For decades we’ve seen the military develop expensive technology—radar, GPS, microwaves—that trickled down to the consumer sector and became affordable. Now the consumer sector is apparently returning the favor.
The U.S. Navy’s Virginia-class submarines are $2.7 billion nuclear-powered fast attack vessels bristling with the latest technology. Old-school periscopes have been ditched in favor of two photonics masts that provide a 360-degree view. To control these masts, a sailor uses a joystick similar to what you’d find in a helicopter.
A Navy survey seeking pain points turned up complaints about “the controls for the scope,” Lt. J.G Kyle Leonard, an assistant weapons officer, told the Virginian-Pilot newspaper. “It’s kind of clunky in your hand; it’s real heavy.”
Lockheed Martin and the Navy put their heads together and came up with an interesting solution: Use off-the-shelf Xbox controllers instead.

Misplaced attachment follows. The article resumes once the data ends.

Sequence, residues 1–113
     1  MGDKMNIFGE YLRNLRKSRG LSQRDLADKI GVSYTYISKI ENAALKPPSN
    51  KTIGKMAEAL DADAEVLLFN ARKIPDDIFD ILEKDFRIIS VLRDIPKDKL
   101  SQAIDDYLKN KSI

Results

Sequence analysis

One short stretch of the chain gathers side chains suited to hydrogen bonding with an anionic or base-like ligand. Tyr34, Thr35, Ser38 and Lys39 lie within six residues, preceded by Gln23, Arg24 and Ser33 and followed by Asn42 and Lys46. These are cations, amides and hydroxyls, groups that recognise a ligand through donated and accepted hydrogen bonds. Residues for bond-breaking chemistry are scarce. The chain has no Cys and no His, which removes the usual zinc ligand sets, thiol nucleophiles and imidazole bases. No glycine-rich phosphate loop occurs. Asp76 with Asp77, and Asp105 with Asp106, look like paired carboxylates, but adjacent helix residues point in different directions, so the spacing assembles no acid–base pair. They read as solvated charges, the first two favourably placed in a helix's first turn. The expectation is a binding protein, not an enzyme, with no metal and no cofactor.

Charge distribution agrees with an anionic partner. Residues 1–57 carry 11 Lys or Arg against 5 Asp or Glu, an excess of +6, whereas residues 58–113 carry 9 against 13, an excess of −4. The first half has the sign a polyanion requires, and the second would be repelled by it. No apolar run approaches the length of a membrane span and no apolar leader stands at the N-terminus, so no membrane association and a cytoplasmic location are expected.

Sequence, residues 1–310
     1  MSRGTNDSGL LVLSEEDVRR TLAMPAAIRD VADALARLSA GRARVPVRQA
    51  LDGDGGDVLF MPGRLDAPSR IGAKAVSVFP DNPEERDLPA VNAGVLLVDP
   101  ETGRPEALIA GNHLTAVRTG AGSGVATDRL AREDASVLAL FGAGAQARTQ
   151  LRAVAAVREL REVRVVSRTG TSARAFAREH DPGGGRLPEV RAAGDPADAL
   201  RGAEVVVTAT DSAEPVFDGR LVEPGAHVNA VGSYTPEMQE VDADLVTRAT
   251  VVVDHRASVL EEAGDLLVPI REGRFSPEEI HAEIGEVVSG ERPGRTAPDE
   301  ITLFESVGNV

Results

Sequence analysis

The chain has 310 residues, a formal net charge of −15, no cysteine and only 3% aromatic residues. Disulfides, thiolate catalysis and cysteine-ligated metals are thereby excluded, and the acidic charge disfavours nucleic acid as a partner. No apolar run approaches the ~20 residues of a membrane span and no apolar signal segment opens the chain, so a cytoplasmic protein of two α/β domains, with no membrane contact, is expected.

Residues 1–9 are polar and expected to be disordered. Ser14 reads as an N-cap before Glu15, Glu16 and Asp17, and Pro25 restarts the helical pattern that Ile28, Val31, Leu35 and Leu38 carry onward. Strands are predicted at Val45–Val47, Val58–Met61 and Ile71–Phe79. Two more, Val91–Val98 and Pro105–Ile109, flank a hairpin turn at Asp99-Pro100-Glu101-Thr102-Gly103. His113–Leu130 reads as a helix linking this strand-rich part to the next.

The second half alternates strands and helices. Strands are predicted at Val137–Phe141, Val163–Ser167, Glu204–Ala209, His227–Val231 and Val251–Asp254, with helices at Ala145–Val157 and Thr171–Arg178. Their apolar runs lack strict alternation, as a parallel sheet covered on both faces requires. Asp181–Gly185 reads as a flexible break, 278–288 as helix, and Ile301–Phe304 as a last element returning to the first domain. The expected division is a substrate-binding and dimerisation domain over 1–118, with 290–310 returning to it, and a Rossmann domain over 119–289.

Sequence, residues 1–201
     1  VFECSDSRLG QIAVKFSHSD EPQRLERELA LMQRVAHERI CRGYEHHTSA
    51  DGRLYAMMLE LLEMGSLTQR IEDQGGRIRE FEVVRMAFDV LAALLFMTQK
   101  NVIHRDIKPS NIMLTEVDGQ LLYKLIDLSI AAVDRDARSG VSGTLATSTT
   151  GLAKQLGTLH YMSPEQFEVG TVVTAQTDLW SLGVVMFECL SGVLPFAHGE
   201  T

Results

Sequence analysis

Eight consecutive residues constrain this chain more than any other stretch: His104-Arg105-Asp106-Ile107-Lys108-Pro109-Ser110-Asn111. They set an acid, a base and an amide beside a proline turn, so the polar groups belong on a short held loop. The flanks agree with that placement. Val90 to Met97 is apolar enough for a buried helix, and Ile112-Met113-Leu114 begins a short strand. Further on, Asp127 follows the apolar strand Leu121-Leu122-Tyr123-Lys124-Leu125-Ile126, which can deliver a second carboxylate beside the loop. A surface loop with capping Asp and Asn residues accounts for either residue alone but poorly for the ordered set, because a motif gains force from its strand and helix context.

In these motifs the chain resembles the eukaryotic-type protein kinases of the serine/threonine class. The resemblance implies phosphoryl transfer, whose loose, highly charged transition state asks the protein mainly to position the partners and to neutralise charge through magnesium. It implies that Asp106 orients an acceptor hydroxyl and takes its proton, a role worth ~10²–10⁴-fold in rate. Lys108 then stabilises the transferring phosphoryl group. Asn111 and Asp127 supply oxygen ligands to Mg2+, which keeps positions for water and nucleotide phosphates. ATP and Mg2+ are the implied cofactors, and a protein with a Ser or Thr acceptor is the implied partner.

This not only saves money, but vastly reduces the training time:
The Xbox controller is no different than the ones a lot of crew members grew up playing with. Lockheed Martin says the sailors who tested the controller at its lab were intuitively able to figure out how to use it on their own within minutes, compared to hours of training required for the joystick.
The Xbox controller also is significantly cheaper. The company says the photonic mast handgrip and imaging control panel that cost about $38,000 can be replaced with an Xbox controller that typically costs less than $30.
“That joystick is by no means cheap, and it is only designed to fit on a Virginia-class submarine,” said Senior Chief Mark Eichenlaub, the John Warner’s assistant navigator. “I can go to any video game store and procure an Xbox controller anywhere in the world, so it makes a very easy replacement.”